Giving up a child for adoption can be an emotionally difficult process. If you're pregnant and thinking about giving your baby up for adoption, you have likely thought long and hard about your options, weighed the consequences of each, and decided that this is the best route for you to take.

You also know that it might not be easy to say goodbye to your biological child, even if you are not prepared to be a parent. That's why it's important to have a plan in place, with your actions for the birth, the period immediately following the birth -- and, quite honestly, the rest of your life -- organized and written down.

Here are five steps to take when giving up a child for adoption.

Create an Adoption Plan

Once you're comfortable with the idea that adoption is the best choice for you to make, it's time to create an adoption plan. This will help you determine such things as whether or not you want to have an open adoption -- in which you will have some level of contact with your child throughout their life -- as well as what information you will share with the adoptive family.

An adoption plan will also cover the ideal type of adoptive family. Some people have preferences as to whether their child is raised in a religious home, by a single parent, by a gay or lesbian couple, whether the child will grow up in the city or in a rural location, and so on.

Decide on an Adoptive Family

Plan in place? Next, it's time to find the adoptive family. As you can imagine, families who are ready to adopt a child are extremely enthusiastic about becoming parents, and therefore they will be eager to meet you.

When you work with an adoption agency, all potential adoptive parents will have been fully vetted before you even consider them, let alone meet them. You'll likely view a video they have made, page through a scrapbook, or see other materials they have compiled. These materials will help you get a sense of who the potential adoptive parents are: what their values are, what their lifestyle is like, the type of home they live in, if there are other children and/or pets in the home, and the parents' reasons for adopting.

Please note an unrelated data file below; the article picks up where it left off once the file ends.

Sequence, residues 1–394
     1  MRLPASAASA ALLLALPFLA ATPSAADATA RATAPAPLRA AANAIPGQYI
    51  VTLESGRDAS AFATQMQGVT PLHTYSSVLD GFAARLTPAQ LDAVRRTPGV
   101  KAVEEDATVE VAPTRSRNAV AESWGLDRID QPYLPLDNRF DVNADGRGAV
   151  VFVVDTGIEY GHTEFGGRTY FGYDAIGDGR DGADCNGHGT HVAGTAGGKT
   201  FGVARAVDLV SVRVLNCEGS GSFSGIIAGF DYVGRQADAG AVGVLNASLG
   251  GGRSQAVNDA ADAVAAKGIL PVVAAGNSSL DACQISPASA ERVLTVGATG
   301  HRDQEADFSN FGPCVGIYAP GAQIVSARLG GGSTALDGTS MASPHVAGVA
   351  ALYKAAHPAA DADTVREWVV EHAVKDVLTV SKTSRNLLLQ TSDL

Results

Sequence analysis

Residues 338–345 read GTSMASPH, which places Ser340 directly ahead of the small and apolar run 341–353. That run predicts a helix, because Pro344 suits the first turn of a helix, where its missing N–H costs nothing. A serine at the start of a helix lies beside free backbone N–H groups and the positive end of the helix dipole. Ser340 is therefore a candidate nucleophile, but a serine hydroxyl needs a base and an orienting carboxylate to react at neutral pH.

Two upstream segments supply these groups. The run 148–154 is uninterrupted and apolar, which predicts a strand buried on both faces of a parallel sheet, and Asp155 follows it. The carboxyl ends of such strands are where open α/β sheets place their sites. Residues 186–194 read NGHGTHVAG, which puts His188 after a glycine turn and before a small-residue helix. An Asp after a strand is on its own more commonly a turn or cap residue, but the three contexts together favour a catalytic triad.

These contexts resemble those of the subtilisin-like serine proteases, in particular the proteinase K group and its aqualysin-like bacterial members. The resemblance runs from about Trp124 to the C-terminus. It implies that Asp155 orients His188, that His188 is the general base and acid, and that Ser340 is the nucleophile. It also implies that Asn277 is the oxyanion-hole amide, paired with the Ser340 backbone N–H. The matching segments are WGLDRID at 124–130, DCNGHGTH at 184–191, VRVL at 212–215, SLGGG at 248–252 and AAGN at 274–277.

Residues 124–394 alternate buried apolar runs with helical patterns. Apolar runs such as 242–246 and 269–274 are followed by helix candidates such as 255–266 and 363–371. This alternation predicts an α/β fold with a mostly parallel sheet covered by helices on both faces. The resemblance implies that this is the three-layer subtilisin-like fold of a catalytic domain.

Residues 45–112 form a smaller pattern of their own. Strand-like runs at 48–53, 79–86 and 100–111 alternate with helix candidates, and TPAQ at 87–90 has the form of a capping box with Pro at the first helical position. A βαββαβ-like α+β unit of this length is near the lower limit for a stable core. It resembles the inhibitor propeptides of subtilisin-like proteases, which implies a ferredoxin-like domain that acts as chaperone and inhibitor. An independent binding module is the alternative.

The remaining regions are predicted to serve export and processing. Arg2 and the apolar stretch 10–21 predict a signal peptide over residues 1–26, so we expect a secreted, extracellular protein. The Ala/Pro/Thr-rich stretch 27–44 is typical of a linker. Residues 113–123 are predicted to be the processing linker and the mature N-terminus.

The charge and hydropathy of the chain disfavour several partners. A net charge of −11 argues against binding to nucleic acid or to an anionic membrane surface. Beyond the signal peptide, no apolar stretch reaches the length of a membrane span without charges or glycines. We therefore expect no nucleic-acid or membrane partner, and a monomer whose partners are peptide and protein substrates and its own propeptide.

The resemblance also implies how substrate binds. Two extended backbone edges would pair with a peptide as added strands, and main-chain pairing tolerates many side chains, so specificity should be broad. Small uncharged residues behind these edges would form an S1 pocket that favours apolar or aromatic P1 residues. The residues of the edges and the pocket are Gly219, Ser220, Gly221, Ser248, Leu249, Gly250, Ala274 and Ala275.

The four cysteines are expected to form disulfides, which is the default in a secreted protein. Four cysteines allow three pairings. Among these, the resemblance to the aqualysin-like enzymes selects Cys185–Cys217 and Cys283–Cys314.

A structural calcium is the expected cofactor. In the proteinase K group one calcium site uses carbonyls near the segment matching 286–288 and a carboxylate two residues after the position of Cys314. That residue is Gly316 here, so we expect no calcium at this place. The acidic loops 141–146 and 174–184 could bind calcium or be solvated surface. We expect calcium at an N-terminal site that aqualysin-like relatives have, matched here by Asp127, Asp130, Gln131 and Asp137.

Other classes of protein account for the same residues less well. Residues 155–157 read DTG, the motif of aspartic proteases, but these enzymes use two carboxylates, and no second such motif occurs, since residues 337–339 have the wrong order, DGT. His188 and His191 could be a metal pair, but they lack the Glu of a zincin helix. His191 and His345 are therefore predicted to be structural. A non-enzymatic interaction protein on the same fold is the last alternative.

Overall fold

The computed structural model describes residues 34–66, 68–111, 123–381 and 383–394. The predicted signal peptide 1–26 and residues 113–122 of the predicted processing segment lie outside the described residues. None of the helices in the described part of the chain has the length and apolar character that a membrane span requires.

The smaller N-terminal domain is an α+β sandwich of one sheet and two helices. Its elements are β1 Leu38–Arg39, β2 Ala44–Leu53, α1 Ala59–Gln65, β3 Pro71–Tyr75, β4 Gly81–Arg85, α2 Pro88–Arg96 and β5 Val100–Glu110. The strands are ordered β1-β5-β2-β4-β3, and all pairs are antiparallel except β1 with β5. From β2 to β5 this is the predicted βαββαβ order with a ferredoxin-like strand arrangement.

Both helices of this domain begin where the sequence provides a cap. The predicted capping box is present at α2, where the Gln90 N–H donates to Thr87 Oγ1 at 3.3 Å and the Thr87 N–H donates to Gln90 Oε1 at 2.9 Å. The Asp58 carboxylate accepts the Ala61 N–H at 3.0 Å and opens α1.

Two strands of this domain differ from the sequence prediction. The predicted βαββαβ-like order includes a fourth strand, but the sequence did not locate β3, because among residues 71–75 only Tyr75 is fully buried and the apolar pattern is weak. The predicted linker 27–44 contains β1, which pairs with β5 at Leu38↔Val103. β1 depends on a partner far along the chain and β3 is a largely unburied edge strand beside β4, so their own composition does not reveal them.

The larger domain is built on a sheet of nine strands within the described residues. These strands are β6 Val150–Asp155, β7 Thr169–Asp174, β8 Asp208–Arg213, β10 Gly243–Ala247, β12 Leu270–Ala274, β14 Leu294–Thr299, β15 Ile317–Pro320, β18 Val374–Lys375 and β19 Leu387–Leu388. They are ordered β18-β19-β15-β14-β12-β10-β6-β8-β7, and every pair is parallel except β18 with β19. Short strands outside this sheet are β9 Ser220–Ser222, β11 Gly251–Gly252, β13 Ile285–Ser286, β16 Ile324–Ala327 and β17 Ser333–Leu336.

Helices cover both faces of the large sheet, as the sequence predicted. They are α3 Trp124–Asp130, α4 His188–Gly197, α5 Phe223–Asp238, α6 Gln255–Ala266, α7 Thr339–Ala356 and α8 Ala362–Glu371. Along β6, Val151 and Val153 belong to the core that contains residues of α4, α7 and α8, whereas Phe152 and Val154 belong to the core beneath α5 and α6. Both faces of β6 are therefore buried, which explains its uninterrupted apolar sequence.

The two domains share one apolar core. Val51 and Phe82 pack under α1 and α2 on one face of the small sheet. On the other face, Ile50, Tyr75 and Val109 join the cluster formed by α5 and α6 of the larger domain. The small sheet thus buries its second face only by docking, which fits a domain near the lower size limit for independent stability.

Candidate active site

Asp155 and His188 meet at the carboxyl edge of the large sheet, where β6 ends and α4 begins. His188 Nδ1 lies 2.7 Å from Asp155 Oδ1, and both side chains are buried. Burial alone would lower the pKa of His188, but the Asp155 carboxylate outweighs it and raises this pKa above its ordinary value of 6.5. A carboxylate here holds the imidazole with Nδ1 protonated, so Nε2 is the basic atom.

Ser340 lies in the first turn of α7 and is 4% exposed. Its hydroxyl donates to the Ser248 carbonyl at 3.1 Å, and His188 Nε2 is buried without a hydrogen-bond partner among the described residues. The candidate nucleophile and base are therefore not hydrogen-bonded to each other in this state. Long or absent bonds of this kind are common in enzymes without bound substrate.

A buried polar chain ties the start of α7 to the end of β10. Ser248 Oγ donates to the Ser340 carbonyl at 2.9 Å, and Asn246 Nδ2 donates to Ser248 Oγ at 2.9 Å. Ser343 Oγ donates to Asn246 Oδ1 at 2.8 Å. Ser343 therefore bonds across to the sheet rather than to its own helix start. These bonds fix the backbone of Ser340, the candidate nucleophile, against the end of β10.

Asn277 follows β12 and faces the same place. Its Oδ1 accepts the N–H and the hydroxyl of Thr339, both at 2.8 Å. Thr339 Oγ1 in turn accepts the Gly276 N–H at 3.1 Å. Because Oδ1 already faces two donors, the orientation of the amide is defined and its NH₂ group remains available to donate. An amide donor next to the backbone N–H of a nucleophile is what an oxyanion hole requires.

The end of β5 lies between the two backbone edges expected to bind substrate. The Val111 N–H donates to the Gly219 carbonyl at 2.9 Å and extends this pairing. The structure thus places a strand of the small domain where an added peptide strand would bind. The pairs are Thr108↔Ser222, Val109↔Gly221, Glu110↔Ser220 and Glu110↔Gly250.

Meet the Family

All experts in the adoption field agree that pre-adoption contact between the family and the birth mother is an important step in the process. You may meet the family in person, but you may also have contact with them through social media, telephone calls, emails, etc.

Prepare for the Birth

Having a plan in place can alleviate some of the anxiety you'll feel when it's time to give birth. Would you like the adoptive family present during the birth? Will you be the one to hold the baby first? How much contact will you have with the baby? These questions are important to consider beforehand.

In most states, you will need to wait -- up to 72 hours after the birth -- before you can legally sign adoption paperwork.

Author's Bio: 

My name is Harper Harmon and I am a freelance writer and blogger who focuses on business, health and other various topics. I graduated with a bachelor's degree in communication from UCLA and currently reside in Santa Cruz with my dog, Sassy.